Micro Machines V4 Review (DS)

The Micro Machines brand has been around since the days of the old faithful NES, and back then it was something of a phenomenon.† In a sense, that hasnít changed because itís still a racing game that focuses purely on tiny cars racing around every day locations such as your back garden, a pool table, the sink or bath Ė even a museum exhibit!

Different cups and challenges release different tracks, courses, cups and cars You have to score eight points before the AI does

Micro Machines V4 has been a decent game so far on other formats itís appeared on; the PC and PS2 versions especially.† Its reception has been mixed, though the game seems to appeal to two groups enough to prevent a slating; the young gamer and the commuting gamer.† Let me explain:

Commuters donít have very long periods of time to a) get bored or b) get stuck into long racing sessions such as those offered by a touring car game.† Complicated controls are also a no-no since you often donít get a lot of space commuting and may be shaken around to boot.† The DS version of this game crept along late December 2006 long after the rest Ė is it too late for this now aged concept to come to another format?† We examined the evidence.

750 different cars sound good to you?† It did to us as well; but before you get too excited, itís worth mentioning that you have to unlock them stage by stage and they tend to look quite bland and similar.† Still, unlocking them after completing a challenge or a race is satisfying and at the end of the day, 750 is a lot of choice.

The learning curve for driving the cars is very simple and intuitive; donít over or under steer, drift around the track in all the right places and beat the other cars out there (which can be anything up to three other cars, who in some races work as a team).† If you drive at the front of the screen all the time, youíll eat wall or go flying off the corner of a desktop all too often.† Whenever a car gets a screen ahead of the back car, the loser either drops off the screen or if itís you, you lose a point.† To win the basic races, youíre fighting to complete your row of points before anyone else.† What makes Micro Machines unique is the system where by the race is divided up into tiny sections with pausing in the action to award points.† If you pull ahead enough, you get a point and the screen will pause the race to show you a scorecard instead.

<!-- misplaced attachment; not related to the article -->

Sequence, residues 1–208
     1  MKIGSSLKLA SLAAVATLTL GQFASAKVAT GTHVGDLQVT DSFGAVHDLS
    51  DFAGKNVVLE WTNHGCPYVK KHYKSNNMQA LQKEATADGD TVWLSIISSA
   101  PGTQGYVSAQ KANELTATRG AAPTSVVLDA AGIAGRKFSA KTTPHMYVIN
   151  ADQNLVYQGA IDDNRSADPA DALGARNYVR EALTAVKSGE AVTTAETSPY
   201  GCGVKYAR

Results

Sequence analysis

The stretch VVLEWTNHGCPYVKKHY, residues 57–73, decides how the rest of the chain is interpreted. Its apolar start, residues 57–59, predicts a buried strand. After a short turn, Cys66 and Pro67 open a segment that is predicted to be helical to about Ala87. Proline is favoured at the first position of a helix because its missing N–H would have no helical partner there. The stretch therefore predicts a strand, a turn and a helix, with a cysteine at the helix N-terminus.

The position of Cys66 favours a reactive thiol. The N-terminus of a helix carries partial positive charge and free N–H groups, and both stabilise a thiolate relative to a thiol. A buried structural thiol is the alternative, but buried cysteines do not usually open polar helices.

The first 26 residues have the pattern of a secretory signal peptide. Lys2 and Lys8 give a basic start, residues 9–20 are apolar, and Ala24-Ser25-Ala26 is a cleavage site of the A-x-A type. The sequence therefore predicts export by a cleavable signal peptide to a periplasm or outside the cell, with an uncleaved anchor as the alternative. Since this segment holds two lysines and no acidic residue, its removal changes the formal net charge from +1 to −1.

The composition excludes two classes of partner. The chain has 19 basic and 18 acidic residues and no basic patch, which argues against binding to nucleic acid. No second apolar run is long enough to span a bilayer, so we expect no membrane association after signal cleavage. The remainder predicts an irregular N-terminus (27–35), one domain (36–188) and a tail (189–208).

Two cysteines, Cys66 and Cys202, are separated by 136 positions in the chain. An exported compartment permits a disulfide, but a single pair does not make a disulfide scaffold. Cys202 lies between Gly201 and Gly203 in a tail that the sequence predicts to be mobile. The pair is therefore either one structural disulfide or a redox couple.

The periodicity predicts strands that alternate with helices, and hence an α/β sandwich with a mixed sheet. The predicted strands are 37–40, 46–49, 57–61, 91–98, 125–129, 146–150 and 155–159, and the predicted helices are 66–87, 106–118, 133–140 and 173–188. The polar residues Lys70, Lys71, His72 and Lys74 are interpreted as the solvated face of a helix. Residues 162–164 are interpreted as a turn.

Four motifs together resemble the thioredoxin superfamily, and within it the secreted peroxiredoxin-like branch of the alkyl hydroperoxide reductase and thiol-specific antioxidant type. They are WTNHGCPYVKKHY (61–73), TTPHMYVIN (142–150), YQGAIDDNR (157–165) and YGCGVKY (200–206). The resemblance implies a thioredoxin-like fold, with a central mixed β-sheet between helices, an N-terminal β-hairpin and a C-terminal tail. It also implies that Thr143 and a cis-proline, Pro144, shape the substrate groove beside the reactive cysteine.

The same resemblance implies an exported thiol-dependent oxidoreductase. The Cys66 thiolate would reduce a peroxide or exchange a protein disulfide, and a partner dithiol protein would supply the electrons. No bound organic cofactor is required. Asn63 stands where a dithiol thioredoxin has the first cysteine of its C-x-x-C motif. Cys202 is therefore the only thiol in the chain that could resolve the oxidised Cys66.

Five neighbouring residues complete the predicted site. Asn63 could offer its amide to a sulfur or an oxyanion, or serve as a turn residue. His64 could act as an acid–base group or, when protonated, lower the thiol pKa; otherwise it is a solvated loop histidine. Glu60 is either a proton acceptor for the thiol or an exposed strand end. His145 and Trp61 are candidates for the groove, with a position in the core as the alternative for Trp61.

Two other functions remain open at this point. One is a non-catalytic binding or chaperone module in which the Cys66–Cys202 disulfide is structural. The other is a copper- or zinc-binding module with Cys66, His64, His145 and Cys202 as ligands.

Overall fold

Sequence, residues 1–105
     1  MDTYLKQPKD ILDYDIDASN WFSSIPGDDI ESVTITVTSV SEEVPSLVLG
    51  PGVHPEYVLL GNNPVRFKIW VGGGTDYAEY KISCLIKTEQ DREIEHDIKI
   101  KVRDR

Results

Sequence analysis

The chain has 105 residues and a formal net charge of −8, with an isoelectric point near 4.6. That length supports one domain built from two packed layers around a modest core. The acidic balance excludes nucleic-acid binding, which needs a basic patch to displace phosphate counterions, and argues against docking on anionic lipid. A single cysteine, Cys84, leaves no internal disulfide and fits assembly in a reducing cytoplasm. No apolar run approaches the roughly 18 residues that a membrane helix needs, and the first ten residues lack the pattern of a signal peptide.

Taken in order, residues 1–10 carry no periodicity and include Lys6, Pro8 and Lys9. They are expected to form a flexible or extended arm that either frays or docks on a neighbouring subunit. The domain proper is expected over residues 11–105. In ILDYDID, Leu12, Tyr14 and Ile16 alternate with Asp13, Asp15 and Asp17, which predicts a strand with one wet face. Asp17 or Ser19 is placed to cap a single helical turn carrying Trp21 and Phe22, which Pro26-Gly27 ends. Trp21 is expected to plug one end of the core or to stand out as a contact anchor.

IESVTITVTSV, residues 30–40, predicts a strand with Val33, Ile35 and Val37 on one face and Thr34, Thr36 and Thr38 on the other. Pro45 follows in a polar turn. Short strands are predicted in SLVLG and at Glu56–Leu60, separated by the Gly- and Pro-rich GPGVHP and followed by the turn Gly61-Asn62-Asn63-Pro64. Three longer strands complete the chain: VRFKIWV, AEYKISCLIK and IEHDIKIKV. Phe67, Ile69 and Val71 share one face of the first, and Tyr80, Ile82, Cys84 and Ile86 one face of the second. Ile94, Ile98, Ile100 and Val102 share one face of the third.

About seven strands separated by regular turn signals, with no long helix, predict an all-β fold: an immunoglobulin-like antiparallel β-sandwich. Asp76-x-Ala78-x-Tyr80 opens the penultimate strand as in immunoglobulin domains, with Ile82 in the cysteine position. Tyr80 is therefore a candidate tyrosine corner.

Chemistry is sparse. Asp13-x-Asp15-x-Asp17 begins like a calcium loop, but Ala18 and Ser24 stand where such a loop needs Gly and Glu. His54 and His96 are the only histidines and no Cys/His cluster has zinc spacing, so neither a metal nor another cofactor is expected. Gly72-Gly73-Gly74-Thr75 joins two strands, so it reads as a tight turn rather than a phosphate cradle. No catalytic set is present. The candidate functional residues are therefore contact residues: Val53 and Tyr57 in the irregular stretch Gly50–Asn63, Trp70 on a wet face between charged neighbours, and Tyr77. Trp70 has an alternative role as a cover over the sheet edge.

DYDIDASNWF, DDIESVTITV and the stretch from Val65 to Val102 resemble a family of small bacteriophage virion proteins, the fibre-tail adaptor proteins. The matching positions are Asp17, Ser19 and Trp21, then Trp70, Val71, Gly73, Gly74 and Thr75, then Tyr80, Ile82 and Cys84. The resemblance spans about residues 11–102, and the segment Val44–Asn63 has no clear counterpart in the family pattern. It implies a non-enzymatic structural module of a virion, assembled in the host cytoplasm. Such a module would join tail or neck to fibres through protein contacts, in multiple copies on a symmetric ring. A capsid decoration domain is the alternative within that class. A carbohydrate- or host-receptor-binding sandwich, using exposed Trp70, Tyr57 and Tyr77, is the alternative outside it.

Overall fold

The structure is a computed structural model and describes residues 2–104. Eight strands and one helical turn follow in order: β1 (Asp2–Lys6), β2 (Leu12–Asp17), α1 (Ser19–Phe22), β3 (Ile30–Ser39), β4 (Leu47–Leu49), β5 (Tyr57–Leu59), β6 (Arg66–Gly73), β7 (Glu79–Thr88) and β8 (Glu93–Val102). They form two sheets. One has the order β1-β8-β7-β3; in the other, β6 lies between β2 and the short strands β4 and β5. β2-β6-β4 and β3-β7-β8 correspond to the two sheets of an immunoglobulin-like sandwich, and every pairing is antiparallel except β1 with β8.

If this sounds slightly annoying, it actually isnít a real problem to play.† The game is so different to traditional racers that it feels perfectly natural when playing it after the first few races.† There wasnít much use of the stylus, with only tapping the lower screen required of you to move on from an information screen of any form.† Driving using the D pad is simple, easy and feels responsive.

Where the game falls down is its release date which caused it to be so much later on the DS than other formats.† Chances are that any Micro Machines fan boy has already gone out and got their copy on another gaming system, and thatís going to make it harder to sell copies even to die-hards who loved all the other Micro Machine games, which is a shame.

The cars may be basic to look at, but driving them is wicked fun!

Despite the opinions of some other reviews, we really loved this little game.† For the commuter or casual, dip-in-dip-out gamer, it doesnít present too many issues that complicate the racing, leaving you to simply learn the tracks and then try to win them.† If youíre good enough on the track, you are able to beat even tough AI and the learning curve to being able to do so is firm but fair, challenging but not impossible.† Itís a simple game where without adding anything new, Codemasters have produced something that a newer, younger audience can use to get into the brand, as well as something that a commuter can play on the train to work.† Itís not a new concept anymore and itís not an essential buy Ė but itís simple, fun and an entry level title into a brand which we hope will see some more creative and innovative titles in the future.

Top Game Moment:
Drifting successfully around a hairpin turn to take the lead!